Winter 2011: Of Note
New Legacies Honored
It is always meaningful to be recognized for one’s work, but when the award bestowed carries the name of a personal hero, it can be especially gratifying.
That happened for Justice Leah Ward Sears 80L when she received a 2010 James Weldon Johnson Medal at a ceremony hosted by the Johnson Institute in November at The Carter Center. The medals honor the legacy and accomplishments of Johnson, the legendary writer, journalist, civil rights leader, musician, and humanitarian.
“[Johnson is] a great figure to me,” Sears told the Emory Wheel in an interview. “To have his light shed on me—it’s such an honor; it’s very overwhelming.”
Sears is an Emory trustee and a partner in the Atlanta law firm Schiff Hardin. In 1992, she became the first woman and the youngest person to be appointed to Georgia’s Supreme Court; from 2005 to 2009, she served as chief justice of the Georgia Supreme Court.
In addition to Sears, the Johnson Institute honored six other figures whose achievements in civil rights and humanitarian service reflect a deep and unwavering commitment to civil and human rights:
Lucy Cline Huie 39Ox 42G, cofounder of HOPE, a civil rights project whose purpose was to desegregate public schools in Georgia in the 1940s and 1950s.
Deborah E. Lipstadt, Dorot Professor of Modern Jewish and Holocaust Studies at the Tam Institute at Emory.
Joseph E. Lowery 10H, former president of the Southern Christian Leadership Conference, still one of the leading civil rights organizations in the nation.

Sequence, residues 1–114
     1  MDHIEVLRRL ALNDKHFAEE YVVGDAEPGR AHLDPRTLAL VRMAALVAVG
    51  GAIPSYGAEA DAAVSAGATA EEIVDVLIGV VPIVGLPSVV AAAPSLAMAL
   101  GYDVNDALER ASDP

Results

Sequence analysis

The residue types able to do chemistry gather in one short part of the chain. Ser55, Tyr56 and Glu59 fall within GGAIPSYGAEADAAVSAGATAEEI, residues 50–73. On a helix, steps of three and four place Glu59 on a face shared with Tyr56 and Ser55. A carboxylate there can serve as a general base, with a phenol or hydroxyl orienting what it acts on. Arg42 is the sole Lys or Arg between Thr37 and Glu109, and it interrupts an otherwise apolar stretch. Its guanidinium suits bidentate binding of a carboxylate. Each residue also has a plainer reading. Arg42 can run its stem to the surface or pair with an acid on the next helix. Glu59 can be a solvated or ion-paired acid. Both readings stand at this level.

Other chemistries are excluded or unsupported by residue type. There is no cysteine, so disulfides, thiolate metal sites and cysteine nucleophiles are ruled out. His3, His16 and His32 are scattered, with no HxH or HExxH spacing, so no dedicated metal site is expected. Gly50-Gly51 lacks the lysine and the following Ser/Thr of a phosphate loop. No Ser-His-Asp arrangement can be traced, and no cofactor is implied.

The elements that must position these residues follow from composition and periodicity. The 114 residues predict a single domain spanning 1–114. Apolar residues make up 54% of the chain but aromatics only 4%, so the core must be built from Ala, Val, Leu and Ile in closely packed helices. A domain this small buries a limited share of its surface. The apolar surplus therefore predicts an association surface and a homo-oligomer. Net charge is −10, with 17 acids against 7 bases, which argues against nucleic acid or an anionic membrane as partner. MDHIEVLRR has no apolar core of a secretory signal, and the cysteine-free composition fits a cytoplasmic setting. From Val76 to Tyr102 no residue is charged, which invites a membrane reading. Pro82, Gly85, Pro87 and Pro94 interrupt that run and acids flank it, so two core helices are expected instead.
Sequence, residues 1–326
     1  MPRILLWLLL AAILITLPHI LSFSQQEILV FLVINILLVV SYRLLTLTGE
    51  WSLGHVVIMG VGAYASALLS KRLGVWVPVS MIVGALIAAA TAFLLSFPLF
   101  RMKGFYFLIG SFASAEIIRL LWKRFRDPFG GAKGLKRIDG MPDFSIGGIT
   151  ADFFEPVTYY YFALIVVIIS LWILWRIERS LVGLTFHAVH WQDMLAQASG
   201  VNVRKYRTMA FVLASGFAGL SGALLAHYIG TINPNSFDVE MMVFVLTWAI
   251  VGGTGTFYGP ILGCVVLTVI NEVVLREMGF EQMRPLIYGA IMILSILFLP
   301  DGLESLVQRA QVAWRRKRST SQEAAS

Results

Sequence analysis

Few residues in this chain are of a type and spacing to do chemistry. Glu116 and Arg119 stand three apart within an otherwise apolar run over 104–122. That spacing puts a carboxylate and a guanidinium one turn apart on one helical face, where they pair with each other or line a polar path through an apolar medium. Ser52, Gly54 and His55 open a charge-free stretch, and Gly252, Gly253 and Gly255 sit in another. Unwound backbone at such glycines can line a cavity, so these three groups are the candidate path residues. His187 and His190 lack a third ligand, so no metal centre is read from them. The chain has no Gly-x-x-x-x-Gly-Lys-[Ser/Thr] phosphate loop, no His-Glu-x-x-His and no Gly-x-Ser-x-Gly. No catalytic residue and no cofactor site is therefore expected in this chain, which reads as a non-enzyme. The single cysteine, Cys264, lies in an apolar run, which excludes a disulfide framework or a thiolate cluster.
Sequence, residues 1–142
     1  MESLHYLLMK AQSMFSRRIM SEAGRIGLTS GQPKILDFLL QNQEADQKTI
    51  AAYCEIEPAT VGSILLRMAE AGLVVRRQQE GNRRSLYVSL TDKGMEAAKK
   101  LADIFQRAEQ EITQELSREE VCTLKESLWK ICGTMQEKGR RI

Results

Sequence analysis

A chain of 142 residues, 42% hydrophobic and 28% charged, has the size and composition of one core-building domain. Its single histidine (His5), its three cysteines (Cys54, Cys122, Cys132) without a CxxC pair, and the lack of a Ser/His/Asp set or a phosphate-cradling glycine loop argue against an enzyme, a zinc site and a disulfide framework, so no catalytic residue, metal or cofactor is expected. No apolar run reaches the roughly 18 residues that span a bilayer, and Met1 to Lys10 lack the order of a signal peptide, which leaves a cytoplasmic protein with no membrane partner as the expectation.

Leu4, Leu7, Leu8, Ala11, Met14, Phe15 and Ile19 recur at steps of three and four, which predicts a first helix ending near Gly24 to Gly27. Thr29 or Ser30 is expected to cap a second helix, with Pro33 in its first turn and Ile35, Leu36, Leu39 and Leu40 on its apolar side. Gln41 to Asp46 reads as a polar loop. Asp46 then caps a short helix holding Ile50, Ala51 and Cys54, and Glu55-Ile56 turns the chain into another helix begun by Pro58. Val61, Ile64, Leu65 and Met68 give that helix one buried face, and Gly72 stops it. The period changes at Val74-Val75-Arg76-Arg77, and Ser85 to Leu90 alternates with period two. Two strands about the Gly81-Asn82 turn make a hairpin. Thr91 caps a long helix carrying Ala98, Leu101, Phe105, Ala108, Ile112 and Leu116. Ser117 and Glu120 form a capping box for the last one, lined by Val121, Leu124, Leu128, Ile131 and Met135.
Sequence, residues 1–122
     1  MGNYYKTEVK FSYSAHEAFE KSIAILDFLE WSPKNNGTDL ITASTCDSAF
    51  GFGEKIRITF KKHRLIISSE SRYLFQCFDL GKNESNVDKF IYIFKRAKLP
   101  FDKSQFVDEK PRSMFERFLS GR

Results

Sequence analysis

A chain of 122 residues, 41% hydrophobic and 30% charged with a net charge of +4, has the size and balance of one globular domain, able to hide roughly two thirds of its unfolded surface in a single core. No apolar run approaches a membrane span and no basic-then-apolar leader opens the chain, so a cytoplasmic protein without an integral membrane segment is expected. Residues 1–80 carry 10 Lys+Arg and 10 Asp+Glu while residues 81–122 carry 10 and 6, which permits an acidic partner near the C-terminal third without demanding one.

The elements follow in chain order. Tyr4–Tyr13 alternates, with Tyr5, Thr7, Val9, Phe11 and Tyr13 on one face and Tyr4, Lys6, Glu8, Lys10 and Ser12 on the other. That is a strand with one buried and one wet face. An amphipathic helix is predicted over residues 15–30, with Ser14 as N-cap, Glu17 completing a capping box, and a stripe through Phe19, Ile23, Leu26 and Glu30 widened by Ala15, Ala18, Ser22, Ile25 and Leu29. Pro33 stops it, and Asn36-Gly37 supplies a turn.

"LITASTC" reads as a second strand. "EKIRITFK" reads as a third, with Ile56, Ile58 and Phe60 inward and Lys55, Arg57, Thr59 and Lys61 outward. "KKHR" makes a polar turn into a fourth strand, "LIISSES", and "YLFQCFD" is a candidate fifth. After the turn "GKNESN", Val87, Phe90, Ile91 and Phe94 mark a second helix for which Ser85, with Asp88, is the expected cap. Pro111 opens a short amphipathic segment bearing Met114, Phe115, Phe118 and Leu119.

Robert (Bob) P. Moses, founder of the Algebra Project. Moses was a pivotal organizer for the civil rights movement as field secretary for the Student Nonviolent Coordinating Committee (SNCC).
The late Sondra K. Wilson, a scholar of Johnson and the National Association for the Advancement of Colored People. Wilson was executor of the estate of Grace Nail and James Weldon Johnson and the founder of the James Weldon Johnson Memorial Foundation.
Ambassador Andrew J. Young, former Atlanta mayor and US congressman, and a top aide to Martin Luther King Jr. He is the founding principal and cochair of Good Works International of Atlanta.
“The Johnson Medal Award Ceremony is an occasion when we may reclaim and reaffirm our commitment to the greatest social movement of the twentieth century,” says Byrd, offering a chance to “pause to reflect upon our relationship to a living history that has provided us with a knowledge of our condition.”